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Prevention/Epidemiology

Interventions Can Ease Dangers of Cybersex: Counselors Educate While in Chatrooms

October 1, 2003

Two successful Internet prevention programs targeted at MSM who use the Internet to meet anonymous sex partners could easily be replicated. Each site compiled a database on HIV/AIDS resources and facts that allows it to quickly answer questions, make referrals, and communicate safe sex messages.

Prevention Organizations With Empowerment Resources On The Net (PowerON) of Seattle and SexEd4U of Ferndale, Mich., provide counselors with training in deflecting sexual propositions and understanding common Internet symbols and abbreviations, said Jeffrey Neil Weldon, program director of the Friend-to-Friend Project and PowerON of the HIV/AIDS Project Development and Evaluation Unit of the School of Social Work at the University of Washington-Seattle.

SexEd4U, a program of the Midwest AIDS Prevention Project, sent letters to gay publications and newspapers announcing the intervention was legitimate to establish trust and rapport with Internet users. When HIV counselors -- who log on using SexEd4U as their pseudonym -- found the same questions coming up repeatedly, they established a topic-of-the-month feature. The counselors provide answers promptly because about 80 percent of people in MSM sex chatrooms are looking for casual sex partners and will not waste much time with other agendas, according to Michael Odom, SexEd4U project director.

SexEd4U receives no grants or extra funding but relies on a core group of committed HIV counselors. SexEd4U has averaged three MSM interventions during each one-hour online discussion in the past year, Odom added, and has made referrals to local agencies for HIV testing, treatment and other services.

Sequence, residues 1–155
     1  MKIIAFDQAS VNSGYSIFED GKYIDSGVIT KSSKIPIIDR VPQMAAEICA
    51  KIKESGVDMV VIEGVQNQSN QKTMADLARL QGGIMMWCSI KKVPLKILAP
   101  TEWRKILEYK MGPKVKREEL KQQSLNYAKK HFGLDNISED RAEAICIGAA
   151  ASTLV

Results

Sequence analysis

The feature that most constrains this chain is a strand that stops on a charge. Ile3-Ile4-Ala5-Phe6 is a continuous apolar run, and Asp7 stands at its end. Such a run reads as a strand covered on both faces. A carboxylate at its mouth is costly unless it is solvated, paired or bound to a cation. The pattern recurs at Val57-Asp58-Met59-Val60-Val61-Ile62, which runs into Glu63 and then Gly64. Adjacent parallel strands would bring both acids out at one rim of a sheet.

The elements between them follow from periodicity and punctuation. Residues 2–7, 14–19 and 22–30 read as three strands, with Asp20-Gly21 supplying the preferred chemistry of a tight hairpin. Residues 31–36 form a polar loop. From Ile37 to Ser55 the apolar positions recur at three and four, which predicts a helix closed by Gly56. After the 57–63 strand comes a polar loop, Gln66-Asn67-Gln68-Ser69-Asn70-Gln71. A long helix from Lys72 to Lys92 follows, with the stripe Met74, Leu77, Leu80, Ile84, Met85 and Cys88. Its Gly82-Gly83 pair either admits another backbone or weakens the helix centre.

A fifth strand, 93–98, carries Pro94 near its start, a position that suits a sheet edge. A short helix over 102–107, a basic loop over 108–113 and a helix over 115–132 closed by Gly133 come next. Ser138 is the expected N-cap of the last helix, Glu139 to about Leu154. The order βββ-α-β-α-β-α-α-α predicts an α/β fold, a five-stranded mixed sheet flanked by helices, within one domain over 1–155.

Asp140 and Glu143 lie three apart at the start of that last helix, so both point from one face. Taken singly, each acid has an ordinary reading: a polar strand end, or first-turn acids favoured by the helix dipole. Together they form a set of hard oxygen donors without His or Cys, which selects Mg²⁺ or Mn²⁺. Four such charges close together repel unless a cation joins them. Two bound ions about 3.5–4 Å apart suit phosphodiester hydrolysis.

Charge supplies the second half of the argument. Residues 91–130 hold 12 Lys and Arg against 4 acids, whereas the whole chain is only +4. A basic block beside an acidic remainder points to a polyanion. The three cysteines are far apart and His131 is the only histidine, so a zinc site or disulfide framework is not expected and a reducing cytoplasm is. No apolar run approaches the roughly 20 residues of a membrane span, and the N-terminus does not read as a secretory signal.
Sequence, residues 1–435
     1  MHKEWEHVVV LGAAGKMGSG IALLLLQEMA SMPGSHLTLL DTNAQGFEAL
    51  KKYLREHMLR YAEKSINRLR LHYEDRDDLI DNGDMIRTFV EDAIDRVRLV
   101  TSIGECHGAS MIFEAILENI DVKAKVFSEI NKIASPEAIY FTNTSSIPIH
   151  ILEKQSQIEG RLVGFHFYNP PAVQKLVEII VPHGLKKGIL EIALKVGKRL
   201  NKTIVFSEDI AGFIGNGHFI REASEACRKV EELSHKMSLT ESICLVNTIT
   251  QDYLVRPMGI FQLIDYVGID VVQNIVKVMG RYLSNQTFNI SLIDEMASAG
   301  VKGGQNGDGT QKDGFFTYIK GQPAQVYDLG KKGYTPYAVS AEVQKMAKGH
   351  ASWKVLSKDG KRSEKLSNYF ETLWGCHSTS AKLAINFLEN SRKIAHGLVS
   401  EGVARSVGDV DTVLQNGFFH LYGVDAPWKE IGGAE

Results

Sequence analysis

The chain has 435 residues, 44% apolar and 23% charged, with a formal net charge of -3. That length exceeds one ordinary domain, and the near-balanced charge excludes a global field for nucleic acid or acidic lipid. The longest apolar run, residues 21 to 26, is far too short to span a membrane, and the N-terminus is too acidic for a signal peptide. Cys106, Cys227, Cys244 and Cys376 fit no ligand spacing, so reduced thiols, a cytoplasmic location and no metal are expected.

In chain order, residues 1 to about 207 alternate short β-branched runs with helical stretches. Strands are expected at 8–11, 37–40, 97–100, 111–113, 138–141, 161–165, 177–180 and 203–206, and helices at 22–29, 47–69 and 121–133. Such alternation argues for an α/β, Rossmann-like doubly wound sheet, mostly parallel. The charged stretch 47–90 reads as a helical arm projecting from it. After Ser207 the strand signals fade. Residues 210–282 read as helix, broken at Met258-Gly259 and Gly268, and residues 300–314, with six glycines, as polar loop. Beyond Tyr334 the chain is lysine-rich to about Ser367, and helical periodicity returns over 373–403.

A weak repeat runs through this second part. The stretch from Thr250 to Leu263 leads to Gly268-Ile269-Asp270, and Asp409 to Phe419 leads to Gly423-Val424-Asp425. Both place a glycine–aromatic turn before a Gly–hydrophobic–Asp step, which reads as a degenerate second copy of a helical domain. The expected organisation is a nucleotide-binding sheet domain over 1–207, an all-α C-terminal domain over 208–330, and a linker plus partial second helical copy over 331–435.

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"We knew that saying it was about HIV prevention wouldn't interest people, so we marketed it as a gay health site," said PowerON's Weldon. PowerON's $150,000 two-year budget pays for referral site research and Web site design. PowerON's referral service, updated monthly, helps users find the agency and the particular staffer who can help them with a problem or issue. The site received more than 55,000 hits in its first two months.

Internet HIV prevention interventions have two advantages over traditional interventions: They reach people when they are seeking an anonymous sexual partner, and they give people anonymity regarding their questions and problems, Weldon said.

Back to other news for October 1, 2003

Adapted from:
AIDS Alert
10.01.03



  
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This article was provided by CDC National Prevention Information Network. It is a part of the publication CDC HIV/Hepatitis/STD/TB Prevention News Update.
 

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